Over the last few years I have been evaluating firearms based on a certain strict criteria of usefulness. I have been placing importance on 4 basic
tenets that all firearms I own must conform to in one or all:
1. Dual caliber/multi-caliber capability
This requirement does not exist in too many firearms. So not all of my firearms are multical capable. However, there are a few that fit into that mold
who have multiple uses. My defensive handgun is a Chiappa Rhino 60DS
.357 Magnum/.38 SPL. With decent self defense ammunition this weapon has the power, range, and intimidation factor to stop a threat. It is a six shot
capacity revolver. Compared to most semi-autos this weapon seriously lacks in capacity. But it is a highly accurate weapon with fully adjustable green
fiber optic rear sight, and red front. Firing from a 6 inch barrel and its lower axis barrel position, this weapon is perfect for my self defense
needs. I also train heavily with it, I run speed loading drills, and all of my defensive gun use training is done in DAO.
My next multical weapon is the Rossi Circuit Judge Tuffy:
Firing a powerful .45 Long Colt round and coupled with .410 shotshells this weapon has most than one use, more than one type of ammunition, and the
use of shotshells makes it even more versatile. There's standard buckshot, birdshot, slugs, and specialty shells like buck 'n ball, flachettes, and
dragon's breath. It comes with a 5 shot cylinder and can be used as a hunting weapon or a self defense weapon depending on the loads used.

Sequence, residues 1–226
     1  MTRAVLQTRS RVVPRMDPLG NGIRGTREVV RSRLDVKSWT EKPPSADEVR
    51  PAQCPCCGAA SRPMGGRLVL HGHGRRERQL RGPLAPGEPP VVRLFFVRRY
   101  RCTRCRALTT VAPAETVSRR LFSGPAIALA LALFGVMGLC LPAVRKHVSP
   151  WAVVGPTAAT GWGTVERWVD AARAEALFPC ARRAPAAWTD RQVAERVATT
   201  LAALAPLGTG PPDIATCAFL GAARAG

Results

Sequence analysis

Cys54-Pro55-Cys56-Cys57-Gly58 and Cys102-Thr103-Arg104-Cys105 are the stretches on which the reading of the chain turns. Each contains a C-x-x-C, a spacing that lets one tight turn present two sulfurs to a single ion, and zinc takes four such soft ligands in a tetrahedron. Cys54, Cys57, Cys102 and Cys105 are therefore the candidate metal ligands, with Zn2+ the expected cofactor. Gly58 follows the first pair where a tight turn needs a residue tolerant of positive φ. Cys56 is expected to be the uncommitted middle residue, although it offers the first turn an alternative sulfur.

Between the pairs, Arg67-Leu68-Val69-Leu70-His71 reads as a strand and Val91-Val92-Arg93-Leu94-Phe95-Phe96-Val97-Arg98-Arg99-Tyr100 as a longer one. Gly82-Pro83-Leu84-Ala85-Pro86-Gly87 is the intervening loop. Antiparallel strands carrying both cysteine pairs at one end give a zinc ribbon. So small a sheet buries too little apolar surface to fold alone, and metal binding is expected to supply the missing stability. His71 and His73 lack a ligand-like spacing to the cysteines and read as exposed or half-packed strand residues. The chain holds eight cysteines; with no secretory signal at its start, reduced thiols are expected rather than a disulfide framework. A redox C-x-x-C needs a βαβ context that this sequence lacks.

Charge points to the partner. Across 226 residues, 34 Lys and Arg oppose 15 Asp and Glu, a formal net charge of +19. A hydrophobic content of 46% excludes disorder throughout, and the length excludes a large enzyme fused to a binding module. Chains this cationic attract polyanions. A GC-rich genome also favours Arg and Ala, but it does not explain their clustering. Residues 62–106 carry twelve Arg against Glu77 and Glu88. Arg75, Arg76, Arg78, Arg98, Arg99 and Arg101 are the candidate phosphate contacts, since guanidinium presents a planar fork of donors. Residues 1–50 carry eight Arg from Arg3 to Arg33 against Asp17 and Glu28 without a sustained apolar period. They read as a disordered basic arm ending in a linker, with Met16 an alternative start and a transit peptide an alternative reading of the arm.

2. Multi-Use Capability
The Rhino fits my criteria for self defense/home defense and target shooting. It has more than one use for me as a firearms. It is also a very good
backup gun while hunting, especially with heavy .357 Magnum ammunition and a six inch barrel.
The Tuffy fits my criteria for home defense, hunting, and just fun as hell to shoot.
My 1938 Mosin Nagant bolt action rifle, is single caliber, but multi-use.
In the upgraded, modern configuration I decided on it is both a long range scout rifle for far away two legged pests who may pose a threat, and long
range hunting of medium to large game. This weapon is solid, it is accurate, and ammunition for it is cheaper than political promises.
I study firearms. Reliability is something I require of anything I'm going to own. Period. If it doesn't go boom EVERY SINGLE TIME, I don't own it.
The complexity of many modern firearms leaves too much open to failure. This is the reason I sold all of my semi-automatics, to include my upgraded
and accurized AR15. Those firearms were single use, single caliber, high potential failure in a pinch type of weapons. They don't belong in my
arsenal. It is hard to argue with the reliability of cylinder loaded revolvers and bolt action rifles.
All of my firearms have that. I love weird looking, but well functioning firearms. I like having something different at the range that people spend 20
minutes staring at wondering what the hell it is. My Chiappa Rhino 60 is quite possibly the most unique firearm, aesthetically, and functionally, on
the market today. There are simply not a lot of people who own them and I like it that way.
The Rossi Circuit Judge Tuffy, while popular with people who do own them, are not that common of a firearm. Not a lot of people shooting revolver
rifle/shotgun combos out there.
My 76 year old, modernized Mosin Nagant is, by far, not a unique weapon by any stretch of the imagination. This weapon is so common and cheap in its
original configuration that for the cost of my Rhino alone I could have bought 10 Mosin Nagant rifles. But it is how one upgrades and takes care of
this weapon that makes it unique. I've seen many Mosins at the range. But each and every time I bring mine out to tune it, or simply shoot cheap
ammo, no one knows what I am firing. Its just weird...And I like weird.
Thanks for the read and, as always, Happy Shooting.